Aha! Finally a really good way for kids to program Lego robots.
Building things with Lego Mindstorms is not terribly difficult. The average kid has been playing with Lego for long enough that they have some idea of how to put things together. There are some restrictions thanks to the small number of holes provided on the ‘brick’ and the lousy wheels, but these are not real problems. The real problem, though, is programming.
The Mindstorms programming software is simply not intuitive, I’ve yet to see a kid work out what to do without some serious help. Worse, it is fiddly and unforgiving – it requires tons of fine mouse-skills to join up little wires on the screen and a small mistake can mean starting everything all over again. It is simply not up to the same standards as the NXT kits themselves.
So I was thrilled the other day to stumble across Enchanting. Enchanting is an easy-to-use graphical programming tool for NXT robots. It is based on Scratch from the MIT Media Lab, and powered by leJOS NXJ (Java for the NXT). Enchanting is also free and open-source.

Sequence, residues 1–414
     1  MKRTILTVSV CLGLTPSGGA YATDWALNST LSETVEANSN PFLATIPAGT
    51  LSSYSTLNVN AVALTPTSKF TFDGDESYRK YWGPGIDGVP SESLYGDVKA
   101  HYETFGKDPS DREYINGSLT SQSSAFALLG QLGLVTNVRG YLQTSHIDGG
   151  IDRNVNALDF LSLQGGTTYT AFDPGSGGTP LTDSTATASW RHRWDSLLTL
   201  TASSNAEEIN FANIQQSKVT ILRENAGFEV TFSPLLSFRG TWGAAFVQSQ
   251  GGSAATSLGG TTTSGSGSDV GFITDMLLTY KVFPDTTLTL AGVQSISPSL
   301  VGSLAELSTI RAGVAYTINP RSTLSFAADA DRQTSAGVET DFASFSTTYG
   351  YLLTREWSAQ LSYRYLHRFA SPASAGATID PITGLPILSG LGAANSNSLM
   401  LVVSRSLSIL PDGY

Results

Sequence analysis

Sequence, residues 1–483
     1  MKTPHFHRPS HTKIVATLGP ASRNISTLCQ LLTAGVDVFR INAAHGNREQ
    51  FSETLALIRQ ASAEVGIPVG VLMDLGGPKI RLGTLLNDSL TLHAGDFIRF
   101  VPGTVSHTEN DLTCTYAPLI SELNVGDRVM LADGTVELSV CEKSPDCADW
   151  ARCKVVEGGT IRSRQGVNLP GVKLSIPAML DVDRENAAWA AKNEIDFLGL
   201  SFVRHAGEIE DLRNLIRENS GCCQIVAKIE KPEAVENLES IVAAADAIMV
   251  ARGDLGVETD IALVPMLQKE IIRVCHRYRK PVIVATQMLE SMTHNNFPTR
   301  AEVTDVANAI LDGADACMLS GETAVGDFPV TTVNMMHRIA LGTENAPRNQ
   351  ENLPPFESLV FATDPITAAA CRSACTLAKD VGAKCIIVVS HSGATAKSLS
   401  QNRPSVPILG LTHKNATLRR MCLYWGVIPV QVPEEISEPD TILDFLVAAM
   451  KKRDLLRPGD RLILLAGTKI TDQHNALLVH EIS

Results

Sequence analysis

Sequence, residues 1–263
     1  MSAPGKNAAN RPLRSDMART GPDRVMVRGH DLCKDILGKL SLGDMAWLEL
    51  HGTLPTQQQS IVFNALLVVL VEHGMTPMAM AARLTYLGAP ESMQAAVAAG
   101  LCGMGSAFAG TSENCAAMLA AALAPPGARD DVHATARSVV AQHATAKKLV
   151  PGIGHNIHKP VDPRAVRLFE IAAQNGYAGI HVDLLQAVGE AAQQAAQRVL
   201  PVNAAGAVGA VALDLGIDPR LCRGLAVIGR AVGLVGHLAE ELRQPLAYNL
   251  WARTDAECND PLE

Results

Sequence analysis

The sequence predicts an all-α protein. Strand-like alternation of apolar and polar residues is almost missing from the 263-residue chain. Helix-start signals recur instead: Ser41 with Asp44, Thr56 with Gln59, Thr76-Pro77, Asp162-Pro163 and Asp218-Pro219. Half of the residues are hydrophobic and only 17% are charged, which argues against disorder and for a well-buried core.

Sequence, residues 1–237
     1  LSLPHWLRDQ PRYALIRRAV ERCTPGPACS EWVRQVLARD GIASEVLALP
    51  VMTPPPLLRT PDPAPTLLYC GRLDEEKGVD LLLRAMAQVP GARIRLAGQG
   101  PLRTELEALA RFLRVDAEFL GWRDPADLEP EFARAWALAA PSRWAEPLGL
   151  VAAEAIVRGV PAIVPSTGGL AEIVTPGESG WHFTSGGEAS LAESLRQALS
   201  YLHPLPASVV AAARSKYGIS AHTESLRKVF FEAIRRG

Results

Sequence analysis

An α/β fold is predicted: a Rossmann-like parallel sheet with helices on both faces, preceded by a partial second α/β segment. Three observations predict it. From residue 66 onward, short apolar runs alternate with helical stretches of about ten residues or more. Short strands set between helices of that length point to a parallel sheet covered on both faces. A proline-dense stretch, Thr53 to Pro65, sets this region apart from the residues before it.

Now you don’t get much simpler and intuitive than Scratch in my view – not when teaching kids at any rate. And if the kids have already been exposed to Scratch, then using Enchanting could not be easier. Better yet, the way Scratch and Enchanting present programming is much more useful as a long-term educational tool – the principles learnt will safely carry the user into more complex programming languages.
All in all, I cannot recommend Enchanting highly enough for anyone teaching robotics to kids. Or, for that matter, for anyone building things themselves!
There’s also a nice Australian connection to Enchanting, with the interesting Jonathan Mullins being given a shout-out thanks on the home page.
Enchanting can, and should be, be downloaded from here.